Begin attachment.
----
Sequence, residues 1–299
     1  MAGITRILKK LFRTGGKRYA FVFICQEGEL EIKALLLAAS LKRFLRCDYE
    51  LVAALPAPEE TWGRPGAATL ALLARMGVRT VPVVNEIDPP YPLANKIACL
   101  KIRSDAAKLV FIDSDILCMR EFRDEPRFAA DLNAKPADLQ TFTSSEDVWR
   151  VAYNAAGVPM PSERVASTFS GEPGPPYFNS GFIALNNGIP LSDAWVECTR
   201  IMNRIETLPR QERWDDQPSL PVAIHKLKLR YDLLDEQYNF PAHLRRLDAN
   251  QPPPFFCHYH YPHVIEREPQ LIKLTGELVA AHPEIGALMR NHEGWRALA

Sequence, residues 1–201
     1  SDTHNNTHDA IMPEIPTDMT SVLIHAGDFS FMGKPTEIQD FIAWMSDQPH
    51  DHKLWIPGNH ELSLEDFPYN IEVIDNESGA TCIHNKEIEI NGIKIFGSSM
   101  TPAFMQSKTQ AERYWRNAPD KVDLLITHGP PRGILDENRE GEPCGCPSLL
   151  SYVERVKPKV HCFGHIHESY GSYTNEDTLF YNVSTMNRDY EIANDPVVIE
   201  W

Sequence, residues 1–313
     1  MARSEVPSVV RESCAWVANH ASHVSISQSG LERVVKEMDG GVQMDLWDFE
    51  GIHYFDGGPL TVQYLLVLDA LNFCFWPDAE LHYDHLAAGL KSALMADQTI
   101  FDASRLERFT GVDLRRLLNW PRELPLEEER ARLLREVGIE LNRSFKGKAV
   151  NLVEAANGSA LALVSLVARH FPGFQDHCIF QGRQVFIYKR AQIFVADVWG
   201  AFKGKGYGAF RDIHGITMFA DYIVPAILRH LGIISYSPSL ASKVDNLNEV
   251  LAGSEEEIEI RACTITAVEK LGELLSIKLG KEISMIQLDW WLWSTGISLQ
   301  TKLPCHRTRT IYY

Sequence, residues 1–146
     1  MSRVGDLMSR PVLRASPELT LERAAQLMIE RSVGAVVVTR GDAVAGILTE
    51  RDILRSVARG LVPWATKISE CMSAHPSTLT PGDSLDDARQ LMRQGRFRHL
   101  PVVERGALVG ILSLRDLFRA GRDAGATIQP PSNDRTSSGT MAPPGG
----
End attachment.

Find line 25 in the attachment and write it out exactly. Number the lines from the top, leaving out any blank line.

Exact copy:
   101  PVVERGALVG ILSLRDLFRA GRDAGATIQP PSNDRTSSGT MAPPGG